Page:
Patent News

Nov. 17, 2014

U.S. Congressional Budget Office: Federal Policies and Innovation

The Federal Policies and Innovation report was released by the  U.S. Congressional Budget Office on November 17, 2014.

In this report, the Congressional Budget Office (CBO) examines the effects on innovation of existing policies and systems and the possible effects of a variety of proposals for changing those policies and systems. Below are excerpts from the report on the U.S. patent system:

The patent system promotes innovation by helping inventors recoup the costs of their efforts in exchange for making their inventions public. The Congress is currently faced with calls to address a number of perceived shortcomings of the patent system, including the recent proliferation of supposedly low-quality patents, pronounced delays in processing patent applications, and the cost of infringement litigation (in particular, the frequency of “nuisance” lawsuits). Because modifications to the patent system could have both positive and negative effects on the incentives to innovate, and because research on important issues of concern today remains limited, estimating the net impact of specific proposals for patent reform is generally difficult.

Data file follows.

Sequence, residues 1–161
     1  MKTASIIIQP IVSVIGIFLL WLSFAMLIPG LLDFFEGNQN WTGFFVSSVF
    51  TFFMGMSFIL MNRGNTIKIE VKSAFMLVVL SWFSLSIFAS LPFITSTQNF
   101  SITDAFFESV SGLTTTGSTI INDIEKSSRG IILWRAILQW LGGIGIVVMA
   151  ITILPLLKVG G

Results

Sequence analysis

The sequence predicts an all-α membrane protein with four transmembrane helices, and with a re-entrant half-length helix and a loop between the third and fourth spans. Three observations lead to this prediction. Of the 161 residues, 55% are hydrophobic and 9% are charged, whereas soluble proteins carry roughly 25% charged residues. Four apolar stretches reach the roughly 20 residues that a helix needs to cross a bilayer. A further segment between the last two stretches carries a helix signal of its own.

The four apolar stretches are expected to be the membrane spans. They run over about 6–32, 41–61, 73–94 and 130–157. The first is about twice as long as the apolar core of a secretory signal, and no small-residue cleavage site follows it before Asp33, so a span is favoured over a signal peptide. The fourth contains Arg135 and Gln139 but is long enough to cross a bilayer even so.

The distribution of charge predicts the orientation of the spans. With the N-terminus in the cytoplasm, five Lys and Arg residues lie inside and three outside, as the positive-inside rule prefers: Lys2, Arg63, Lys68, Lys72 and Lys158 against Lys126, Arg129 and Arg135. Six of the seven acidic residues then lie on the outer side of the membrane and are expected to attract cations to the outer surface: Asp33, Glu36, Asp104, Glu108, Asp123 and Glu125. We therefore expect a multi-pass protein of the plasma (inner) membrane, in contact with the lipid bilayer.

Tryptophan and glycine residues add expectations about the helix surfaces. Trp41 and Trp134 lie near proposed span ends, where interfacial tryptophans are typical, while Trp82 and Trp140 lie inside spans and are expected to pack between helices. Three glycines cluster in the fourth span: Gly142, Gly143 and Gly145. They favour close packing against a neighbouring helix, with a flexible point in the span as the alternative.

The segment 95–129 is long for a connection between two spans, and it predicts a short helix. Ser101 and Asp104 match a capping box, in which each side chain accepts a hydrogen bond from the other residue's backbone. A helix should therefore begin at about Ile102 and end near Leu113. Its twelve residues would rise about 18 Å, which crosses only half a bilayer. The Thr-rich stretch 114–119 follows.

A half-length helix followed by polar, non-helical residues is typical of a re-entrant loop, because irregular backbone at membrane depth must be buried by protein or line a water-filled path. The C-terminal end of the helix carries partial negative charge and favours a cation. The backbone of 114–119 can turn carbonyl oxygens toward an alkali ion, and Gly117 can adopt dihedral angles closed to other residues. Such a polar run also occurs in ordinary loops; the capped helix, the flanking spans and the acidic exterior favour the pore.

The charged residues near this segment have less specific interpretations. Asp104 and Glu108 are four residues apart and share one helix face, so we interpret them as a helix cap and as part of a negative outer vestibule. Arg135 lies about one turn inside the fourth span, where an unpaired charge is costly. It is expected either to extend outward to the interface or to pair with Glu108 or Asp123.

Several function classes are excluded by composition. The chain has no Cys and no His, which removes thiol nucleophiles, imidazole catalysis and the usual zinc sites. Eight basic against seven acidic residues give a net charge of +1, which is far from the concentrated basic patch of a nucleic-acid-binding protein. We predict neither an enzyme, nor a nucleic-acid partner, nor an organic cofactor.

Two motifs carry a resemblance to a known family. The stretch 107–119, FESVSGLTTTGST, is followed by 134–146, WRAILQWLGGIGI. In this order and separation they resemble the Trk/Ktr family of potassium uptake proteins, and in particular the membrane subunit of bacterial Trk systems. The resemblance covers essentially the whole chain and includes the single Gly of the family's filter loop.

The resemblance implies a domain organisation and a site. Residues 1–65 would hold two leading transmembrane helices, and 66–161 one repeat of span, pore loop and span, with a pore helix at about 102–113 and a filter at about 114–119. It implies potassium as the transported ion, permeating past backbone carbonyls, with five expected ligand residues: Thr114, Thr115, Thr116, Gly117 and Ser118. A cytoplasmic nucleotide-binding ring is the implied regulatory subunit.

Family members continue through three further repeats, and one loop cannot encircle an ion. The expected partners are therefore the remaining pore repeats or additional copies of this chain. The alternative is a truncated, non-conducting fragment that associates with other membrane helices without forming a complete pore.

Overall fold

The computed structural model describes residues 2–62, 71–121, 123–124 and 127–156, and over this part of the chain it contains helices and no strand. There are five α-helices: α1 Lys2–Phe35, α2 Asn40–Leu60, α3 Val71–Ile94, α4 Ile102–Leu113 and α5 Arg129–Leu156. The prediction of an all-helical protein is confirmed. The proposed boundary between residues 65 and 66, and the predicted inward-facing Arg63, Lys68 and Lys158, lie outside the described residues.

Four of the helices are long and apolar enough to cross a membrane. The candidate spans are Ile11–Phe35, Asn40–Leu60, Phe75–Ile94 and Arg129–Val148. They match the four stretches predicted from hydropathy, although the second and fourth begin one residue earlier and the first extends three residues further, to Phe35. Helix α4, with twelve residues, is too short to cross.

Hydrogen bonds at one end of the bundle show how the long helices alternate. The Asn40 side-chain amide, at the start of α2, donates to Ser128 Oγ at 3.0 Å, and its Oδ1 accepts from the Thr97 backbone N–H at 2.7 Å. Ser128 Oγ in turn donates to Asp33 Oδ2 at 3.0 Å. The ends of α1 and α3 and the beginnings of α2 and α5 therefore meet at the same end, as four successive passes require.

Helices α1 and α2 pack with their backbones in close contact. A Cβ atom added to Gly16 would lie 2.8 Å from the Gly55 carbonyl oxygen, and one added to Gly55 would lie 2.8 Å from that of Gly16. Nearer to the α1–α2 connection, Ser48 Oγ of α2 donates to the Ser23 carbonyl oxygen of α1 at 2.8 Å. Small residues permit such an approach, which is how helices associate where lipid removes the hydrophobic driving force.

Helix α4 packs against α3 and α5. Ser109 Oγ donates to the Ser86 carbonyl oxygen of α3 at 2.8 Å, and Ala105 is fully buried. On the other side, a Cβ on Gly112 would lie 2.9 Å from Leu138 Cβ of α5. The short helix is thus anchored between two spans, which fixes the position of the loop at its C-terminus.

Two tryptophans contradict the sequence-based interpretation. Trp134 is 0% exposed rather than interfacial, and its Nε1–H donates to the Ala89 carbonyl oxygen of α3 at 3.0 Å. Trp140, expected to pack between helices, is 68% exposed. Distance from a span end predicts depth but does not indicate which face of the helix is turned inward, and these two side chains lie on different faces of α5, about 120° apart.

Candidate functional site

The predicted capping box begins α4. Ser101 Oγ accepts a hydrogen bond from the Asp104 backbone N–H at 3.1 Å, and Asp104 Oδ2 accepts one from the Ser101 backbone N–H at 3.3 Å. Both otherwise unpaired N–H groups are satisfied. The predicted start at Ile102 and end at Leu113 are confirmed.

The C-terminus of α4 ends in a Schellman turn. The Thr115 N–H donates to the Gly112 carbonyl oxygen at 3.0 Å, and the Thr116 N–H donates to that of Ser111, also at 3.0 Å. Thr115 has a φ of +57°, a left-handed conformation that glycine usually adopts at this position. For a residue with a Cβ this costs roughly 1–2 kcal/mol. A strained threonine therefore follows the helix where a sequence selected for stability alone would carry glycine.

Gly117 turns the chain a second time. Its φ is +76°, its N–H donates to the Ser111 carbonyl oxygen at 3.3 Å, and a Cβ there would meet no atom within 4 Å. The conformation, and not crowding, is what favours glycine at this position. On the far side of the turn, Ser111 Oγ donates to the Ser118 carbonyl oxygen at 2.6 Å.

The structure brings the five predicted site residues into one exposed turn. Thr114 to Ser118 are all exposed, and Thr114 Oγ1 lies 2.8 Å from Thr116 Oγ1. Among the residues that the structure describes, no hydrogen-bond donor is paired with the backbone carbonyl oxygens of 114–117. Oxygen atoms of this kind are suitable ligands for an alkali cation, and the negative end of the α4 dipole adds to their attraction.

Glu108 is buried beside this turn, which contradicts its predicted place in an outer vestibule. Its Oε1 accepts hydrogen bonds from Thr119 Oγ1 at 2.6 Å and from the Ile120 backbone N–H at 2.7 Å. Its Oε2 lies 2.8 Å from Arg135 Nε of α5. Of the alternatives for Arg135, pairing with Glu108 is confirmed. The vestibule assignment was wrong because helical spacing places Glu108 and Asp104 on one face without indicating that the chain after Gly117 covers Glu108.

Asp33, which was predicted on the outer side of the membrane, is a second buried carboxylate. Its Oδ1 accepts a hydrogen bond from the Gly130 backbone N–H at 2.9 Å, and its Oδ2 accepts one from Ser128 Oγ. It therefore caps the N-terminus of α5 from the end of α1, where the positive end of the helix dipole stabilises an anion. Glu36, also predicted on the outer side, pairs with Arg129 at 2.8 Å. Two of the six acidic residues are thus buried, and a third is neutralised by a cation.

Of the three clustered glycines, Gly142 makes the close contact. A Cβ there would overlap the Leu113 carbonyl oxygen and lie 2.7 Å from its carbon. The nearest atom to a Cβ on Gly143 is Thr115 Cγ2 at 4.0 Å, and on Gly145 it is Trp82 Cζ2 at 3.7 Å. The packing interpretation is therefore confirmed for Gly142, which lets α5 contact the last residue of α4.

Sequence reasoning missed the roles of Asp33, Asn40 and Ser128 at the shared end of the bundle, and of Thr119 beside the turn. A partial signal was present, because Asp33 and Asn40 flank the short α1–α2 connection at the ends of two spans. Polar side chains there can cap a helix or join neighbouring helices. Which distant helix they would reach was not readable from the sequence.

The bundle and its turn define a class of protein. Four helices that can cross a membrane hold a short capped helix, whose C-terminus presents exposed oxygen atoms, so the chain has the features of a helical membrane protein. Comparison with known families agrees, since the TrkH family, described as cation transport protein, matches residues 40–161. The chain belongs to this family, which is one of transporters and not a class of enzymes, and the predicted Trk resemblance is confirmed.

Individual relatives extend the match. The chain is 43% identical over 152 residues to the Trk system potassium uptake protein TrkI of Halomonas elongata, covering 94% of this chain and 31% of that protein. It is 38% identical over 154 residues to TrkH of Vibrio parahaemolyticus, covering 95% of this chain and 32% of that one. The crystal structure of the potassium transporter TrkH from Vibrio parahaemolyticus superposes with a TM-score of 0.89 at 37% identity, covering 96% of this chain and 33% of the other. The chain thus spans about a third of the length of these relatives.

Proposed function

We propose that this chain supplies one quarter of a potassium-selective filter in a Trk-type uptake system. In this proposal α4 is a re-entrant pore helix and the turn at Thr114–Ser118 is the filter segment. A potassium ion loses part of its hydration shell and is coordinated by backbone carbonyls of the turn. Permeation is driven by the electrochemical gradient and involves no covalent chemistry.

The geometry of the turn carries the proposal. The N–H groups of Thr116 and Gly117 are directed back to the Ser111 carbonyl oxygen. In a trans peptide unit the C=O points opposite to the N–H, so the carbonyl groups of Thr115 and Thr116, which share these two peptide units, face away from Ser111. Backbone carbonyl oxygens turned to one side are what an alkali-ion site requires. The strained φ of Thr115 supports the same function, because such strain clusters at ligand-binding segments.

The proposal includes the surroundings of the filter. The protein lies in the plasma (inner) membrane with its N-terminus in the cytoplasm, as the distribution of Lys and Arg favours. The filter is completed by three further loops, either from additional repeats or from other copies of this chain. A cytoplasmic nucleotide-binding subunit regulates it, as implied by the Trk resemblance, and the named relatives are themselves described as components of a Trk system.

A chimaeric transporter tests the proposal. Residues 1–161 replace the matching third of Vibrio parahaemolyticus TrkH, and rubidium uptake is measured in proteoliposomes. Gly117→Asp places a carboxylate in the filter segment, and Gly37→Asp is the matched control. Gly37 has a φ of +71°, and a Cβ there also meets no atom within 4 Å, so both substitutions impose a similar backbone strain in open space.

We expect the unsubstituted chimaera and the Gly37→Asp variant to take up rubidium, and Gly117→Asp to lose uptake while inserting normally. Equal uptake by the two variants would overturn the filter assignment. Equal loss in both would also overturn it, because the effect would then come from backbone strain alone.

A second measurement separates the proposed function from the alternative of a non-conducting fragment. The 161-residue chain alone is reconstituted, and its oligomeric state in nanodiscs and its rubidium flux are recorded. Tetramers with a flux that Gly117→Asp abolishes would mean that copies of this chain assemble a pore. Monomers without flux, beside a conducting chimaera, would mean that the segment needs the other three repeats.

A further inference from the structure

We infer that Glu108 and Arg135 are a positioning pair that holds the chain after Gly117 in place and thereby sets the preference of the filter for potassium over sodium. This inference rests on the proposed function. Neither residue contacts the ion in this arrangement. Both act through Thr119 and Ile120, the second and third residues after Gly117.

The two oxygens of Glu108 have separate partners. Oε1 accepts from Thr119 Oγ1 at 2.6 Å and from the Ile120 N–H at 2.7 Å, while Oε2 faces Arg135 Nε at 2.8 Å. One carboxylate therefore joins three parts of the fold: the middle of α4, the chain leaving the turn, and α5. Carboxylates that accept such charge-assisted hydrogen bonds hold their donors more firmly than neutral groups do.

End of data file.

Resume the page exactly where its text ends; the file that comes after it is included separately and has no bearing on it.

“The patent system contributes to innovation and economic growth in two principal ways. First, it provides an incentive for innovative activity by enabling inventors— and those who commercialize an invention through a patent transfer or license—to make money from their efforts by excluding others from applying the technical solution in question. Hence, the patent system effectively conveys a monopoly to the patent owner that can be very profitable. Second, the patent system provides for the dissemination of useful technical knowledge by requiring that a patent be published, rather than kept as a trade secret.….”

“Identifying policies that would clearly make the patent system more conducive to innovation is challenging. Efforts to address one problem could exacerbate others or weaken the incentive to innovate, and research on the extent of those problems and their impact on innovation is limited or still in its early stages….”

“One consideration that surrounds a number of the modifications suggested for the patent system is whether actions already taken by the USPTO and federal courts will resolve those concerns. For example, some observers argue that the reforms implemented by the AIA have not yet had their full effect on the patent system, and so enacting additional measures in the near future would be premature. Beyond the provisions of the AIA, the USPTO has joined with the private sector to improve the quality of software patents (the Software Partnership) and is also implementing a number of Executive Orders to address other concerns about the patent system. In addition, recent court decisions may mitigate, if not make unnecessary, the need for the Congress to legislate reform in those areas.”

Click here to read the full CBO report.